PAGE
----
Researchers are working to prevent skin-eating fungus from decimating salamander populations

Researchers are working to prevent skin-eating fungus from decimating salamander populations

Dr. Dev Miller and Dr. Matt Gray lead the Ambivian Disease Laboratory at the University of Tennessee and are adopting a variety of strategies to prevent deadly fungi from entering the United States through the international pet trade for salamanders. The Southern Appalachian Mountains are a global biodiversity hotspot for salamanders. They are conducting research to learn more about the disease and looking for possible strategies to reduce the tendency of fungi to enter the country.

Why there are so many salamanders in the Appalachian Mountains: Temperate conditions and higher altitudes create a forest system with lots of moisture and frozen leaf litter. Over time, this makes it the perfect habitat for salamanders. The southern Appalachian Mountain Range is one of the oldest mountains in the world, so there are many opportunities for evolution for many species over a long period of time.

The intersection of North Carolina, Tennessee, and Georgia is a global biodiversity hot spot for salamanders. Tennessee, for example, has about 60 species, more than the entire continent of Europe.

The fungus that threatens salamanders: The Bsal fungus specifically attacks the outer covering of the skin of salamanders but we can see that it can also attack the skin of frogs. The skin is one of the most important organs in an amphibian body. This is so important because some salamanders do not have lungs and therefore skin is a major source of respiration for them. It also maintains the right amount of hydration so that their body systems, including their heart, can function properly.

Batrachochytrium, or Bisal, is the second chytrid fungus that was discovered. The first chytrid fungus that many have heard of is called Batrachochytrium dendrobatidis, and it has been implicated in the extinction of more than 500 amphibian species worldwide and the extinction of more than 100 species.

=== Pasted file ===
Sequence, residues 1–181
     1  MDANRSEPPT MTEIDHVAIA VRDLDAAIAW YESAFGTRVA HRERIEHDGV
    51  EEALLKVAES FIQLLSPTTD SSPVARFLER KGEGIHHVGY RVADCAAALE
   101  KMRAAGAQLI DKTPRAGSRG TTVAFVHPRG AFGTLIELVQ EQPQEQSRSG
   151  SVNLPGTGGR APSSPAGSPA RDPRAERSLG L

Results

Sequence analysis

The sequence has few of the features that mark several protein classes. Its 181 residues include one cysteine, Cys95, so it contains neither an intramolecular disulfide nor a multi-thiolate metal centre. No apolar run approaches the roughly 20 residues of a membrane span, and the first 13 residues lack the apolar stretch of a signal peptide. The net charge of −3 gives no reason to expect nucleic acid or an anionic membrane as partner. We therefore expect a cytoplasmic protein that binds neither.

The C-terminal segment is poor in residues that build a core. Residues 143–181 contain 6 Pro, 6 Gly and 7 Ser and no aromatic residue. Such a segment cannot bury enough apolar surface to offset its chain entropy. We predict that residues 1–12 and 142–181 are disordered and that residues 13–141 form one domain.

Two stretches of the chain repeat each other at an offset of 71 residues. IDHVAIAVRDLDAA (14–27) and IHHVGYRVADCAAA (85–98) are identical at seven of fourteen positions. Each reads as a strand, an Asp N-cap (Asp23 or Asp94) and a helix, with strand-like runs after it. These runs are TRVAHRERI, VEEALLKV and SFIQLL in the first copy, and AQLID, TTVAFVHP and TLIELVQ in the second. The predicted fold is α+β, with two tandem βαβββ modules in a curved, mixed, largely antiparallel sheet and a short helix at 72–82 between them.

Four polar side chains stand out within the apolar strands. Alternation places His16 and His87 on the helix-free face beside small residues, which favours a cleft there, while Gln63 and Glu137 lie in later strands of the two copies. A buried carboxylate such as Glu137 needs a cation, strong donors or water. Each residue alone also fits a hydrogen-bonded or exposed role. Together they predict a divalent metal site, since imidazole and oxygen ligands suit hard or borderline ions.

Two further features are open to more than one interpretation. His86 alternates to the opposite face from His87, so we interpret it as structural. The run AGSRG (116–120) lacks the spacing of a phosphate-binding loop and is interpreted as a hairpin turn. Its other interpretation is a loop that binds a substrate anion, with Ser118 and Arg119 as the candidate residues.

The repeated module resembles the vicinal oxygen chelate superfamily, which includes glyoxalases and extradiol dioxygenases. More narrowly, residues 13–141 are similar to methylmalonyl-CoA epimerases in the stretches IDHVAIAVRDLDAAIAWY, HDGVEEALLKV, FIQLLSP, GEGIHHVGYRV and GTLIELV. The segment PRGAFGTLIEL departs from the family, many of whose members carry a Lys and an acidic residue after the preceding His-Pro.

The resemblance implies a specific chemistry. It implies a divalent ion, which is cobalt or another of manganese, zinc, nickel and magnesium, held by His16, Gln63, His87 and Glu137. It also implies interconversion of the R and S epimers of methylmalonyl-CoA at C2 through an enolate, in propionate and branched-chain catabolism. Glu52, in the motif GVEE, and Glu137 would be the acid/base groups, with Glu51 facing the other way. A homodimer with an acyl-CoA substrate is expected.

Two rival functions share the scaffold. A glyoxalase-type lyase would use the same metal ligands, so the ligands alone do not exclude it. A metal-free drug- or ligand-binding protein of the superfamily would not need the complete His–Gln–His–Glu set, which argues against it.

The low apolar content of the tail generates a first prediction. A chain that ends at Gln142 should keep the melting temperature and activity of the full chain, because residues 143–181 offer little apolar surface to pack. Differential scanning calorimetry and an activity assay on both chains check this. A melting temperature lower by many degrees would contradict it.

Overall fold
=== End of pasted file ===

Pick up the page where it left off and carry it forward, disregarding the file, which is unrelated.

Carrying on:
The name salamandrivorans literally means it eats salamanders. In fact, it destroys the skin with a fungus coating. The skin stops working and the animal shut down and dies.

This is what steps are being taken to prevent entry into the United States: The US Fish and Wildlife Service passed a ban in 2010 on imports of about 200 species of salamanders that could serve as potential hosts on Bsal. This has effectively stopped the trade of salamanders in our country. The United States was fairly active in Bsal response. This has effectively stopped the trade of salamanders in our country. However, since then we have learned that frogs can also be infected in Brussels, which trades 95%, so the threat of exposure to the United States remains.

What role do salamanders play in this ecosystem?: They take on larvae as well as adults before they bite you or infect zoometric diseases. Both tadpoles and salamander larvae like to eat very nutritious small mosquito larvae. They play the same role as bats in the air. It has been estimated that in a typical pond system both amphibians can take in one million insects a year, including mosquitoes.

The fungus has not yet entered North America, but what was its effect on European amphibians: Now there are studies that indicate that it was probably introduced throughout Germany and spread from there. The discovery of a new citric fungus in northern Europe was very worrying. It was discovered in 2010 and since then the salamander population has been declining across Europe.